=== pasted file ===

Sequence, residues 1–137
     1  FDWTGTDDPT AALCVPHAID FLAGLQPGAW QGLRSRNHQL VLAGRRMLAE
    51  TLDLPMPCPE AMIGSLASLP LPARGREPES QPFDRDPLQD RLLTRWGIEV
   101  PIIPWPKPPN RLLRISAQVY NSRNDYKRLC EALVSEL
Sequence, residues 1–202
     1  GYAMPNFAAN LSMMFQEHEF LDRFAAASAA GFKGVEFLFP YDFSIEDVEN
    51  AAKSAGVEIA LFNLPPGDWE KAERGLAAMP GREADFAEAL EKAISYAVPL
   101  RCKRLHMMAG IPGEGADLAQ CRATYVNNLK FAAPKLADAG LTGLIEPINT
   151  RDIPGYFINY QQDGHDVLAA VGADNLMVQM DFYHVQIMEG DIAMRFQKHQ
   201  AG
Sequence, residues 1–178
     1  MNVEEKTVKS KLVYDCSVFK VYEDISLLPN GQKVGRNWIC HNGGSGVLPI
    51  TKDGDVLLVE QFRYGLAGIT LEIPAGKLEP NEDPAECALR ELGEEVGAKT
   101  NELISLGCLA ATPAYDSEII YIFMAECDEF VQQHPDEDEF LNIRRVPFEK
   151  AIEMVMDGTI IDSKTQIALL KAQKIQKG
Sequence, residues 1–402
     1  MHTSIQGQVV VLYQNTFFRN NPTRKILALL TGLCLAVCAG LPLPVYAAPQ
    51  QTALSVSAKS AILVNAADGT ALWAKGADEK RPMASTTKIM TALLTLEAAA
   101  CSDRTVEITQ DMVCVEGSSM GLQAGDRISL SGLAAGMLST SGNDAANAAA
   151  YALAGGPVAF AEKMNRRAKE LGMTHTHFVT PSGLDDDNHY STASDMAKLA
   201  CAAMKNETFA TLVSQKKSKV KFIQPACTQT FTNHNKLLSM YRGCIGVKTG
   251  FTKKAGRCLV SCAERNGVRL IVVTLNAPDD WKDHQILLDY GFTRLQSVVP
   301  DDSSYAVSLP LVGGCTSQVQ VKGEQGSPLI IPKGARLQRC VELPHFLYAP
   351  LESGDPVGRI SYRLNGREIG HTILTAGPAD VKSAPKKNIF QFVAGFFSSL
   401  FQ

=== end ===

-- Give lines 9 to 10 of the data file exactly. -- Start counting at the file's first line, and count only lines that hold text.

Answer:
   151  RDIPGYFINY QQDGHDVLAA VGADNLMVQM DFYHVQIMEG DIAMRFQKHQ
   201  AG